Listening to recordings is a valuable part of practice, the 2015 Tchaikovsky Competition finalist tells Pauline Harding
In September I have to play Prokofiev’s Second Concerto. I’ve never had the chance to get to know it as well as I know, for example, the Sibelius or the Tchaikovsky concertos, and because I have an extremely busy summer, I’m quite panicked about when and how I will be able to learn it.
So I’ve bought two CDs – Frank Peter Zimmermann and Janine Jansen – and am spending my spare time listening to the pieces I have to play next season but don’t have time to practise right now. This gets the music into my body, so that it becomes a part of me. In a way, I practise when I’m walking down the street or driving my car - when I’m alone I’ll sing my pieces in my head. This is something I do unconsciously – it is something that is stronger than me. Sometimes my left hand will move at the same time as though I am playing, even if the radio is on.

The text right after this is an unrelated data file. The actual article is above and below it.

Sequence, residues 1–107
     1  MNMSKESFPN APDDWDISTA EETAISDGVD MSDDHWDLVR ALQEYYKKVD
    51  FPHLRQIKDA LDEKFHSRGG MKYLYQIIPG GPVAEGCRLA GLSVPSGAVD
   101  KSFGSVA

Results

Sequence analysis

When you’re playing a concerto for the first time you really need to have the structure in your head. You can only be well organised when you really know the piece. Even if you really study the orchestra score and only practise the violin part, you have to be a genius to get to know the piece properly without hearing it. At least, it isn’t possible for me. Listening to other people’s interpretations does influence my playing, but I think this is a good thing. I listen to my idols because I want to be as good, as strong, as successful as they are. It motivates me.
Watch Alexandra Conunova's performance of Sibelius and Tchaikovsky violin concertos in the final of the 2015 Tchaikovsky Competition.
Read Alexandra Conunova's Practice Diary in the Strad's August 2015 issue, out now. Subscribe to The Strad or download our digital edition as part of a 30-day free trial. To purchase single issues click here.